Some Investors See Bitcoin Better Than Gold, Morgan Stanley Says

  • Strategist says he’s getting more queries about bitcoin trade
  • Bitcoin is still an ‘immature currency,’ Tom Price says

Bitcoin’s meteoric rise is leading some investors to argue that bitcoin is a better hedge against inflation and turmoil than gold, according to Morgan Stanley.

Tom Price, a London-based equity strategist, said he’s been fielding more cryptocurrency questions after prices recently soared past $4,000 a bitcoin, a fivefold increase from November 2016. Both bitcoin and gold offer similar benefits as a store of value, such as being fungible, durable, portable, divisible and scarce, but it’s too soon to call bitcoin a superior investment, he says.

"Over millenia, gold has demonstrated its ability to endure and preserve value under all circumstances," Price said in an Aug. 14 report. "By contrast, bitcoin’s global platform literally requires the lights to stay on."

Read more: Bitcoin Is Literally Soaring Into Space After Rocket-Like Surge

The enthusiasm for bitcoin has reached a frenzy in recent weeks as more companies roll out improved trading technology. Earlier this month, a plan to move some data off the main network was activated in an effort to quicken trade execution and broaden access, helping to fuel the optimism.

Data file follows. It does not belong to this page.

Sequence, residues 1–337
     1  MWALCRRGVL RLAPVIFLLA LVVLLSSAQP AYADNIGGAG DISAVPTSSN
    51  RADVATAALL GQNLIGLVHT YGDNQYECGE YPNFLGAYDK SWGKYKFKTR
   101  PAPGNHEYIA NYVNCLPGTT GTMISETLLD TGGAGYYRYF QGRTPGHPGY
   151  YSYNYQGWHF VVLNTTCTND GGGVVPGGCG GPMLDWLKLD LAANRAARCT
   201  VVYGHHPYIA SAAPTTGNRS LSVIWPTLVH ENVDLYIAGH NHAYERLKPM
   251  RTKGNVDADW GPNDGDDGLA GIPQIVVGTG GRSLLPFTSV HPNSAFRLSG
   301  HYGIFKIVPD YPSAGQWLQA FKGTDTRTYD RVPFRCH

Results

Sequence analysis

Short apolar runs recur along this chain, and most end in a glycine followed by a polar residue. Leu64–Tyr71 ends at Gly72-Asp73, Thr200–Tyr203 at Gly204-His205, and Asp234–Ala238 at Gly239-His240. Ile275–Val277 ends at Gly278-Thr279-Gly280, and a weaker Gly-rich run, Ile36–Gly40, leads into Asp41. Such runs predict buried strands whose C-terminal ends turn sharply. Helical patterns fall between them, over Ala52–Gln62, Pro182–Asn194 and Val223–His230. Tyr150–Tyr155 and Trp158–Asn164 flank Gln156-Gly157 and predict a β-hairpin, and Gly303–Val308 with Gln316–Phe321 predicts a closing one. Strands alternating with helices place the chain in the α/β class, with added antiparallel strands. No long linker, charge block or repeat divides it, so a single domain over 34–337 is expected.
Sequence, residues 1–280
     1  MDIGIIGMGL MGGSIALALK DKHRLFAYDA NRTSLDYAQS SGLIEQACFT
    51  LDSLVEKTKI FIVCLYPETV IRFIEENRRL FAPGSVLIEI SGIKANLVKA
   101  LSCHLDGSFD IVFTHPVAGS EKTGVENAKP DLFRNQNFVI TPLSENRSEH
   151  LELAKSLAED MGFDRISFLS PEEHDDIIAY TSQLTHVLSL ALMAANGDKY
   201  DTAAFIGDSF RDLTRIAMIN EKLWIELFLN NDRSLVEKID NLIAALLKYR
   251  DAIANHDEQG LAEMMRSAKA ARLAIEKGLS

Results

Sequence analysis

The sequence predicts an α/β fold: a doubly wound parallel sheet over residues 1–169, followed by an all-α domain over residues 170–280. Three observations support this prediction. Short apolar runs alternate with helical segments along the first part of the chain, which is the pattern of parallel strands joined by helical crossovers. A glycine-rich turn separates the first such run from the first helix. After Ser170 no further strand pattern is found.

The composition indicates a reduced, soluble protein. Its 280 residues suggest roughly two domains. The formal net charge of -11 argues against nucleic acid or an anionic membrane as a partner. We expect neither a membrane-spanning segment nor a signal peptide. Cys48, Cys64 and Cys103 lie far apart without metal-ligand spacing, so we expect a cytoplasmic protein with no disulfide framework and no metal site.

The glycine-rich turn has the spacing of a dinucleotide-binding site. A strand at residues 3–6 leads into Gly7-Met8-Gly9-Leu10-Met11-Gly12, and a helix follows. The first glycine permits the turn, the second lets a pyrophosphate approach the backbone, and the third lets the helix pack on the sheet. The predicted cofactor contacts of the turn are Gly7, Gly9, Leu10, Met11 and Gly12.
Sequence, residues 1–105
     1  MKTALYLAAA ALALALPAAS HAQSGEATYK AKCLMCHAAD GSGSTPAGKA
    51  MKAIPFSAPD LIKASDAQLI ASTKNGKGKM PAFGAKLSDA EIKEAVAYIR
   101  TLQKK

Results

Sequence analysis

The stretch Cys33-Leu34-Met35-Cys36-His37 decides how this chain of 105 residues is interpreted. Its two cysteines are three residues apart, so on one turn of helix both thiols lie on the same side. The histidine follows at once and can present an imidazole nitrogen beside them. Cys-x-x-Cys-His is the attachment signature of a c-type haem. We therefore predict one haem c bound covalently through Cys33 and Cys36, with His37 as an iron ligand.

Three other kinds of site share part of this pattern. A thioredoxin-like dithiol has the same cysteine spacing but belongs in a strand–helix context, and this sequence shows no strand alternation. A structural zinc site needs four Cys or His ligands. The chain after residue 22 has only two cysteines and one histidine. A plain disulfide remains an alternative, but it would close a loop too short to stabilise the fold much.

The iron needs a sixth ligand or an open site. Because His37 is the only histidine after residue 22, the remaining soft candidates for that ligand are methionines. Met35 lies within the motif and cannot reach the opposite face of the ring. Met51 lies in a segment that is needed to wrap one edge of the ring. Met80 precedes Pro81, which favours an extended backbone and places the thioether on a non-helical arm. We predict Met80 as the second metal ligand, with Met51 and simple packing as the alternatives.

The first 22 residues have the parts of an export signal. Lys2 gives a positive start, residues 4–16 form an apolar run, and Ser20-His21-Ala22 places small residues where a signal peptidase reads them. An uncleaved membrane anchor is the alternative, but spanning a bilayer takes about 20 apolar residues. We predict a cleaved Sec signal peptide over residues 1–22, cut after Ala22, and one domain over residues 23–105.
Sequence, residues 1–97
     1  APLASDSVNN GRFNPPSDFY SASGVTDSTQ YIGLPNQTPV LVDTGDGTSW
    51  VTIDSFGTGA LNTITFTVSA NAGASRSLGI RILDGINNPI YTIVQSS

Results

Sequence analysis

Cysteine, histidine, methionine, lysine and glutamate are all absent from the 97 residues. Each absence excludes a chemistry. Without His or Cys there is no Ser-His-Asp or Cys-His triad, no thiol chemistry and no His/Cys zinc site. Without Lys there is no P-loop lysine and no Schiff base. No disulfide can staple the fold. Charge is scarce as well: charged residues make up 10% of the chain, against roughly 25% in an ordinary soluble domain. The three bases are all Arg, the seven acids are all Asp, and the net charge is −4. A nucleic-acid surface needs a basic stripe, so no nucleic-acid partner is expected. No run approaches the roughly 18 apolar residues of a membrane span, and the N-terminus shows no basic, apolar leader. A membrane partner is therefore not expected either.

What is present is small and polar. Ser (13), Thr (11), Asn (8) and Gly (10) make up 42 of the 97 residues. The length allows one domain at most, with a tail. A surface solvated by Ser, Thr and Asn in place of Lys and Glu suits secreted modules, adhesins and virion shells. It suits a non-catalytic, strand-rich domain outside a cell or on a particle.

By comparison, moves in gold have been muted. Prices are approaching $1,300 an ounce after climbing 11 percent this year on the back of a weaker dollar and worries over heightened military tensions between North Korea and the U.S.

Morgan Stanley’s Price said bitcoin is closer to a fiat currency than commodity and a good medium for money transfers because of cheaper transaction costs.

While gold has been slowly marginalized by the rise of fiat currencies over the centuries, a lot of time and trust-building will be needed before it becomes clear whether bitcoin will also undermine demand for the metal, he said.

“The popular view that this immature currency is superior to gold as a hedge against inflation/uncertainty, still needs to be tested,” Price wrote.

— With assistance by Eddie Van Der Walt

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